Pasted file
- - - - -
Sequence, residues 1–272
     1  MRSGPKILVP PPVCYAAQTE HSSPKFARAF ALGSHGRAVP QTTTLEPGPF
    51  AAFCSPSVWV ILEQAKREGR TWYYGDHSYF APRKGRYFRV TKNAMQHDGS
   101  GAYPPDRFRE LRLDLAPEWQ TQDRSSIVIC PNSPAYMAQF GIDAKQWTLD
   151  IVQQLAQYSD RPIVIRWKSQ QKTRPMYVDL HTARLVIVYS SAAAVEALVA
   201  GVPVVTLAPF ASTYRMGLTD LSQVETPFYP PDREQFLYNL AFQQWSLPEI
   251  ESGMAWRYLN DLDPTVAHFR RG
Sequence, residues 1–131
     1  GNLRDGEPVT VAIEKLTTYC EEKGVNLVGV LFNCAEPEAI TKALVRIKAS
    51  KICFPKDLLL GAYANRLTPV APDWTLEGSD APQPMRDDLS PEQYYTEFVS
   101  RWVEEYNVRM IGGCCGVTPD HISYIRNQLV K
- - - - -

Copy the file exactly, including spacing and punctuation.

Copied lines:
Sequence, residues 1–272
     1  MRSGPKILVP PPVCYAAQTE HSSPKFARAF ALGSHGRAVP QTTTLEPGPF
    51  AAFCSPSVWV ILEQAKREGR TWYYGDHSYF APRKGRYFRV TKNAMQHDGS
   101  GAYPPDRFRE LRLDLAPEWQ TQDRSSIVIC PNSPAYMAQF GIDAKQWTLD
   151  IVQQLAQYSD RPIVIRWKSQ QKTRPMYVDL HTARLVIVYS SAAAVEALVA
   201  GVPVVTLAPF ASTYRMGLTD LSQVETPFYP PDREQFLYNL AFQQWSLPEI
   251  ESGMAWRYLN DLDPTVAHFR RG
Sequence, residues 1–131
     1  GNLRDGEPVT VAIEKLTTYC EEKGVNLVGV LFNCAEPEAI TKALVRIKAS
    51  KICFPKDLLL GAYANRLTPV APDWTLEGSD APQPMRDDLS PEQYYTEFVS
   101  RWVEEYNVRM IGGCCGVTPD HISYIRNQLV K